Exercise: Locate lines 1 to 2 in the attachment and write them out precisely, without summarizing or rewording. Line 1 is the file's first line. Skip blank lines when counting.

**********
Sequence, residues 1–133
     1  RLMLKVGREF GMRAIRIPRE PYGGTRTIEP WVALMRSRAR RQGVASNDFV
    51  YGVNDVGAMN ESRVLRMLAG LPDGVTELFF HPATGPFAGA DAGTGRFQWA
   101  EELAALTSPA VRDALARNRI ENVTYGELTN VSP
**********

Sequence, residues 1–133
     1  RLMLKVGREF GMRAIRIPRE PYGGTRTIEP WVALMRSRAR RQGVASNDFV